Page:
This book starts in London with an Anglo-Indian woman (this becomes important later) living her life normally until her 30s, smoking a bit too much (becomes important later) then it starts to snow. It snows and snows and snows until it is 3 miles deep. You don't really see the wider effects of that because she stays indoors a lot, so there aren't too many bodies and scenes of the collapse, most people seem to have already gone by the time she comes out. There is a feeling of space and absence of the people. This is all very well written and exciting. Things start to slip a way into the book when it begins to turn into a sort of Quintet, (the 1979 snow film with Paul Newman) crossed with a sort of languid lifestyle with lots of politics and people plotting, the woman's ethnic background comes into play in some curious scenes. Then it all goes X-Files and it keeps changing its style. The book is also heavily edited by a fictional censor. Frankly I would have liked the first style to have continued. It had great promise at the beginning. I'm not sure if I liked this book.
0Comment|Was this review helpful to you?YesNoReport abuse
VINE VOICEon 23 August 2005
Ok, 1st things 1st why 4 stars not 3 if I felt it was about 3 1/3 stars, well this book did somethings that really annoyed me most particularly [Blank] spoke to [Blank] about [Blank] but [Blank] said that [Blank] had met [Blank]. This had me at times wanting to throw the book away!!! If it had been done for a few pages or a couple of chapters I could have lived with it, but when over half the book is written this way it really got to me at times.
That said I did like the story the Snow itself was cool, a plausible enough disaster scenario and was nicely delt with to start with. There where several big questions that the author never really tackled, like why the Americans felt the need to come over to the UK and start a city over London, how the snow miner machines worked, and how they managed to get planes above the snow, that said I didn't really mind those questions as the author gave enough explainations about his new world to keep it feeling real.
On the debate about the characters I liked Tira the 1st protagonist we where introduced to, they way she behaved seemed real to me as she came across as someone who was in shock and was just riding events. Far more a viewpoint than someone who did things or changed things. However I felt that [Blank] Fred the second character was more than a bit cardboard, this was annoying as he was a doer / victim (it was the victim but that really bugged me). This came to a head towards the end of the novel when he becomes vital to the story, and I just wanted him dead as he annoyed me so much.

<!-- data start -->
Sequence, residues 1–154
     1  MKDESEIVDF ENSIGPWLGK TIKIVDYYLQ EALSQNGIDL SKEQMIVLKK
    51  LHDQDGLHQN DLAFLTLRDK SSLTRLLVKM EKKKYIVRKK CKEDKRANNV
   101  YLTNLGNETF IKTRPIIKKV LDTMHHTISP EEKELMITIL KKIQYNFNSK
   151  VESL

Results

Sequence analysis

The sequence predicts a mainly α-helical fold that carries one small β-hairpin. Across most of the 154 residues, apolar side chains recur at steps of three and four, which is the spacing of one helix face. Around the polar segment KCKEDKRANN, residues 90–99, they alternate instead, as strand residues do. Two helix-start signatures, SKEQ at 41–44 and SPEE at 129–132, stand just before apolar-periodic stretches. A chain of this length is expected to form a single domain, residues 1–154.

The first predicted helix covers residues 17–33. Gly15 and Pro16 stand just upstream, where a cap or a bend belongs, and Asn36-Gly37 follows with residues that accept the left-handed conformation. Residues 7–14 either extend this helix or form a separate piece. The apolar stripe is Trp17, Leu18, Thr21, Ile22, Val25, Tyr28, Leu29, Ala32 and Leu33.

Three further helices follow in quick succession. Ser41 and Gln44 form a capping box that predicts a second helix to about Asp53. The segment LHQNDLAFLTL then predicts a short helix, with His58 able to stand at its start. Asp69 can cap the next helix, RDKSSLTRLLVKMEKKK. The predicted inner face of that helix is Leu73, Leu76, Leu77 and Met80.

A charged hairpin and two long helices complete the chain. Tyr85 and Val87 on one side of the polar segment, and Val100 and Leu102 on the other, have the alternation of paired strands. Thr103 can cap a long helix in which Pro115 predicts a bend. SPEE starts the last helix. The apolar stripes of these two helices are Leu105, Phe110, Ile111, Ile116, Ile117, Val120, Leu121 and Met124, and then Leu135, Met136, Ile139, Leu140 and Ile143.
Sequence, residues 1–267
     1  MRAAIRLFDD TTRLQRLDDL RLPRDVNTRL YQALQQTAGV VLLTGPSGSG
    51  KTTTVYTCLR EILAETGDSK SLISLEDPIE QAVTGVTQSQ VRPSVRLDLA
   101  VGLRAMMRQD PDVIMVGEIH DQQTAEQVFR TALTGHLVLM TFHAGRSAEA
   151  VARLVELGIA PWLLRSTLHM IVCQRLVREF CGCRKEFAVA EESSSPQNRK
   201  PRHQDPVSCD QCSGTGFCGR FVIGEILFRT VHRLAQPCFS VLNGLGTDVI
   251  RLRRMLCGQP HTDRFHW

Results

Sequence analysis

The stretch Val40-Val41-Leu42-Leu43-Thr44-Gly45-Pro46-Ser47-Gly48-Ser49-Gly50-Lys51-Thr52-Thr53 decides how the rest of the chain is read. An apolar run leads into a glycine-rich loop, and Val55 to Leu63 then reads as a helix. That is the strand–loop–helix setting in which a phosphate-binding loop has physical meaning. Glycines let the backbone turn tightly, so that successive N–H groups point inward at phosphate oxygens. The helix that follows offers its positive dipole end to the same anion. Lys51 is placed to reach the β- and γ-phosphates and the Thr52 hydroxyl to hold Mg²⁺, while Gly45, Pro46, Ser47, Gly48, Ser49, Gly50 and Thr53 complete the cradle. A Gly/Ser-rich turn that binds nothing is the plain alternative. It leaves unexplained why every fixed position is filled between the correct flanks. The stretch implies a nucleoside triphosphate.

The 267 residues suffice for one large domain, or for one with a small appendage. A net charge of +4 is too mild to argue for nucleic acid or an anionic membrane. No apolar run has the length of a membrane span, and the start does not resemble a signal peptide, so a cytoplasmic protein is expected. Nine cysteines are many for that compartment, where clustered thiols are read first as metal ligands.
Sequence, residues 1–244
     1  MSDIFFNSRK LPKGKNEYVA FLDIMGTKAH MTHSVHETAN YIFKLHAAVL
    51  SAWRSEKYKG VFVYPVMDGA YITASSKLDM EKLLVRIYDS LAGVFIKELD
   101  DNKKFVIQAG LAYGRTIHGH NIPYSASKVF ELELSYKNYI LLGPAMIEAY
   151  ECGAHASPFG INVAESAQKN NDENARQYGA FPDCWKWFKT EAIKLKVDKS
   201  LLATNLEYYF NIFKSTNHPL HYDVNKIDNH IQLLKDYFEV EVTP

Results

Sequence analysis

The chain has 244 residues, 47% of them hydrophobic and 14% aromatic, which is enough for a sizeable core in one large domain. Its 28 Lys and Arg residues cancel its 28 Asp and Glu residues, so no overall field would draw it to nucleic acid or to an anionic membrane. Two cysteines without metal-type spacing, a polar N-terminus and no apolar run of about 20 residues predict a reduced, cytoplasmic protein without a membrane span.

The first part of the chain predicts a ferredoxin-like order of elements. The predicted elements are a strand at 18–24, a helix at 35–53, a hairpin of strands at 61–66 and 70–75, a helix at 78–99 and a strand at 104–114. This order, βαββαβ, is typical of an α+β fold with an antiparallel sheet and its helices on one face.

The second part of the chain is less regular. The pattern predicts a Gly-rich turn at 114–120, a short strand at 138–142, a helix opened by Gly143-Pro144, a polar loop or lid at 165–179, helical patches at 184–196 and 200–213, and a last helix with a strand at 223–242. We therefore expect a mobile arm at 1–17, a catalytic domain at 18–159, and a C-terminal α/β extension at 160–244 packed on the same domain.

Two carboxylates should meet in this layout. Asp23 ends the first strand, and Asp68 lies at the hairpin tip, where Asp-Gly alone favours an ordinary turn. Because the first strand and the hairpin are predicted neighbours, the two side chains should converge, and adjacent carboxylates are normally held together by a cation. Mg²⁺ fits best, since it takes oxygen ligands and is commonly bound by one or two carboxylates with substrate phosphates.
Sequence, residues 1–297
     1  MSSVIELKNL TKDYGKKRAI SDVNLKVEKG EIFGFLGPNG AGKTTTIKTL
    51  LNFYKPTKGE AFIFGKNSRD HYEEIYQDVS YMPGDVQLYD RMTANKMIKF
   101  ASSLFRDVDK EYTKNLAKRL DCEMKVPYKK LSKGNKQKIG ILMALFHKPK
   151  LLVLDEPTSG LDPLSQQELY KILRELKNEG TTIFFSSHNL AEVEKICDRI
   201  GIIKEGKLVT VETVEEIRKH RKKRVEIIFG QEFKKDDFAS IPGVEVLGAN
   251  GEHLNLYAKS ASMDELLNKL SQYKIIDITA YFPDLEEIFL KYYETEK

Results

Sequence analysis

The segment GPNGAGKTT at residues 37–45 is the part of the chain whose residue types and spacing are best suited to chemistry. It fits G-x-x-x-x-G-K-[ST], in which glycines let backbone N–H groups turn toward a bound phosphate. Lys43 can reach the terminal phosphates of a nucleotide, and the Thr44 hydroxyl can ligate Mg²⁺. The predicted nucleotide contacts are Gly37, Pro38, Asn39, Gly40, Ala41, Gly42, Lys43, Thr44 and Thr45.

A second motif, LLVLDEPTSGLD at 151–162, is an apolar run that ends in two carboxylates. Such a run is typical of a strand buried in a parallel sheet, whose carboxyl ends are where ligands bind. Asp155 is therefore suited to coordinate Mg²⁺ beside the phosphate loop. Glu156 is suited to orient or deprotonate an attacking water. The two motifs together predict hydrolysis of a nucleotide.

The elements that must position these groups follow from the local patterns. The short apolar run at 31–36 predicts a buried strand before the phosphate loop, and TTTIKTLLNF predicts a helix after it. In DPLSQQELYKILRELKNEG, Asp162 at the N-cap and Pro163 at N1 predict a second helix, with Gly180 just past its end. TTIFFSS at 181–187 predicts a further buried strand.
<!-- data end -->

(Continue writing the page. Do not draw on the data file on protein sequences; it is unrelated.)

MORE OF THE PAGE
Talking about the ending to this book, it came at me from so far out of the left feild that it left me cold when it hit. I just wish we had had some forewarning, I don't think it would have taken a lot, or spoilt the suprise if the possibility of this ending had been floated earlier in the book, even if done in a madman speach. That said once the shock had left and I re-engaged with the book I was left really enjoying the last couple of chapters. All in all I did enjoy this book and hope that the Author improves in the future, but I can't help but think the signing endorsements from critics and other authors might stop Mr Roberts from really looking at where he could improve in the future.
0Comment| 4 people found this helpful. Was this review helpful to you?YesNoReport abuse
on 27 February 2007
I have a great love of disaster movies and books and so I thought I was pretty safe with this one. The set-up itself is fairly intriguing: what if it snowed and never stopped. Great drama to be had from that. However, Mr Roberts doesn't take advantage of this potential. The first third of the book is great and follows our protagonist as she tries to survive the snow. But then, it turns into a story of how life continues after. Okay so far, although more about the actual survival stories would have been good - the book is nowhere near epic enough considering the fact that the entire Earth is affected.


Then, after that, conspiracy theories and... good gracious... alien invasions take over and you're pulled from the book you thought you were in into another one entirely. It turns into very bad science fiction. The concept of different points of view telling bits of the story is good, but it comes across as a mid-1940s novel where war secrets were kept, when it should be an adventure.

Avoid if you like disaster stories, okay if you like sci-fi.
0Comment| 3 people found this helpful. Was this review helpful to you?YesNoReport abuse
on 13 September 2007